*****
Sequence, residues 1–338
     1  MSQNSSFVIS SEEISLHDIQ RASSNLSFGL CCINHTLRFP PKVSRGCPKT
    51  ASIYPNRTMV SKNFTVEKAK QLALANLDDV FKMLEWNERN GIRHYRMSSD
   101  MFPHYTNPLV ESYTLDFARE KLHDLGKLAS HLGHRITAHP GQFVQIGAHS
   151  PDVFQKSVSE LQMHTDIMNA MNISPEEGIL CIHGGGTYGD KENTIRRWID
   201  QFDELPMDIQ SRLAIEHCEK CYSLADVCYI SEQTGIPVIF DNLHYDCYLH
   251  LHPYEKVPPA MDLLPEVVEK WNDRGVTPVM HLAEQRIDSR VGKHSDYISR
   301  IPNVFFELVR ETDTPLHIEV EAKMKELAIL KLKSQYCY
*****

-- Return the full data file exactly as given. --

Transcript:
Sequence, residues 1–338
     1  MSQNSSFVIS SEEISLHDIQ RASSNLSFGL CCINHTLRFP PKVSRGCPKT
    51  ASIYPNRTMV SKNFTVEKAK QLALANLDDV FKMLEWNERN GIRHYRMSSD
   101  MFPHYTNPLV ESYTLDFARE KLHDLGKLAS HLGHRITAHP GQFVQIGAHS
   151  PDVFQKSVSE LQMHTDIMNA MNISPEEGIL CIHGGGTYGD KENTIRRWID
   201  QFDELPMDIQ SRLAIEHCEK CYSLADVCYI SEQTGIPVIF DNLHYDCYLH
   251  LHPYEKVPPA MDLLPEVVEK WNDRGVTPVM HLAEQRIDSR VGKHSDYISR
   301  IPNVFFELVR ETDTPLHIEV EAKMKELAIL KLKSQYCY